Natalie Haarhoff believes in holding the door open for more women to enter the film and TV industry
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M-Net’s “Legacy“ director, Natalie Haarhoff is determined to hold the door open to allow more females into positions that have been long dominated by men.
Haarhoof, who has been in the industry for 21 years, said that for decades men have been at the forefront of telling female stories having never lived a day in their body, so for her being able to tell women stories through the eyes of a woman is extremely special and important.
“For the longest time the industry was massively dominated by men.
“This is not to say that men can't tell meaningful stories, but throughout time at the centre of the story is one thing: a persecuted heroine who rises above her social station only through marriage.
“This is an eternal concern of mine, that the world is designed such, that women believe that they ’need’ a man to survive, and have a chance at happiness,” said Haarhoff.
She said often the concern with a single-gender telling human stories is that the gaze is most often skewed.
“The industry portrays women in a light in which they have fantasised and villainised them.
“The women they love are most often unnaturally perfectly shaped, very compliant, scantily clad, and always shot from low angles, and then the ones they despise often look very familiar to us, real women,” she said.
She explained that subconsciously it gives men and women an extremely warped view of reality.
“It leaves real-life females feeling flawed and like failures, and the men around them feel exactly the same way about their partners.
“So from a very young age, little girls are taught to wear pink and make sure they are always groomed because it's the only way to be loved.
“It is vital to tell ourselves, our men, daughters and sons another story,” Haarhoff said.
She said that while there is change afoot, with juggernauts like Shonda Rhimes, Ava DuVerney and Reese Whitherspoon presenting a far more diverse and powerful representation in the arena, there is still along way to go.
“From the top down, representation is growing.
“There are dozens of kick-ass womxn in South Africa and abroad who are doing amazing work.
“Of course, we have a long way to go, but the hardest part is breaking the mould, which we are most certainly doing,” she said.
Based on her own experience in the industry, she suggests that females wanting to enter surround themselves with beautifully minded men who want to work with them, and who consider their skills and strengths to be just as powerful as any other man in the industry.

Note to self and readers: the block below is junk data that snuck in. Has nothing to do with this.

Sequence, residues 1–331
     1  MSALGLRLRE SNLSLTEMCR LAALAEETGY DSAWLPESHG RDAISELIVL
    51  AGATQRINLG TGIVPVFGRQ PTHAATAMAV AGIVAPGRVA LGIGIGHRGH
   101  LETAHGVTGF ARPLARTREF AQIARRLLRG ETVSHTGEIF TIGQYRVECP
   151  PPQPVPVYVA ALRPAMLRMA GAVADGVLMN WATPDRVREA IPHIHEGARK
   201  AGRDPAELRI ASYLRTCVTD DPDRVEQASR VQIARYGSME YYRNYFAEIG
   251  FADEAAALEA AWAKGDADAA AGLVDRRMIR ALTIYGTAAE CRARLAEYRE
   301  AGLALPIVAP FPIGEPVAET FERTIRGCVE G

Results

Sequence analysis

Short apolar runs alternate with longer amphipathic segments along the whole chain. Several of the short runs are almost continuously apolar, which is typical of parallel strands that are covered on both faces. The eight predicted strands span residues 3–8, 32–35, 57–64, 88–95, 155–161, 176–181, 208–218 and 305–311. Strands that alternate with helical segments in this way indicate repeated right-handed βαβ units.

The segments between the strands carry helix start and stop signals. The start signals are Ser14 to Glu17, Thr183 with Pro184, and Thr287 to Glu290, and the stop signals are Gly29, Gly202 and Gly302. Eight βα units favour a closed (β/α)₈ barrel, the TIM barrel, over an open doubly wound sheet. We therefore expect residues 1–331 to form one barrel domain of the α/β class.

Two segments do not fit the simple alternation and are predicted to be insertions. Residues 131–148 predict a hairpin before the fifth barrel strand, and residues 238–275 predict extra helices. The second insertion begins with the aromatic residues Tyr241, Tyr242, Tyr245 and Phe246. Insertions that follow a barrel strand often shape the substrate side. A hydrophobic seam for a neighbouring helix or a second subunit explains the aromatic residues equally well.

She also strives to uplift women herself.
“I've grown up to realise how deeply important it is to have broad representation when it comes to storytelling.
“This not only goes for multi gender representation, but also across race, class and culture.
“Film and television are ultimately the new(ish) vehicle for fireside stories, radio and books, so they are massively impactful in shaping social behaviour, expectations and self image,” she said.
Haarhoff added that the stories we tell ourselves were very important.
“With more women at the creative and producing helm, we are starting to see more considered and real stories about our female characters.
From ”Big Little Lies“ to ”Is'thunzi“, the stories about women are becoming far more crafted and considered,” she said.
During her career Haarhoff has had the opportunity to work with some very powerful women who have taught her to hold the door open for younger women, and to push for them to be on sets.
“Sometimes producers and the ’powers that be’ need a firm nudging to hire women. If no one pushes for it, it won't happen.
“I have been hired by more women than men, so I don't believe women pull each other down.
“The onus is on me to do the same for other women. For the longest time men have held the door open for other men, even if they were telling women's stories. We need to break the old ways and forge new paths and be brave about our creative HOD choices,” said Haarhoff.
Despite the growth of women in the TV and film industry, many women and womxn still face societal norms.
"Women and womxn face daily micro-aggressions aimed at their gender, and this can often eat away at one's confidence.
“These indirect gestures and sometimes direct, are what make women feel they couldn't possibly do something like direct or produce.
“However, these ’norms’ need to be consciously ignored.
“They have not worked for women thus far, so we need to move past them and forge new ways,“ Haarhoff said.
She also raised the very real issue of sexual harassment in the the industry, across the board, from producers to extras.
“This needs to be sorted out, and sadly it is the same in many, many other workplaces,” said Haarhoff.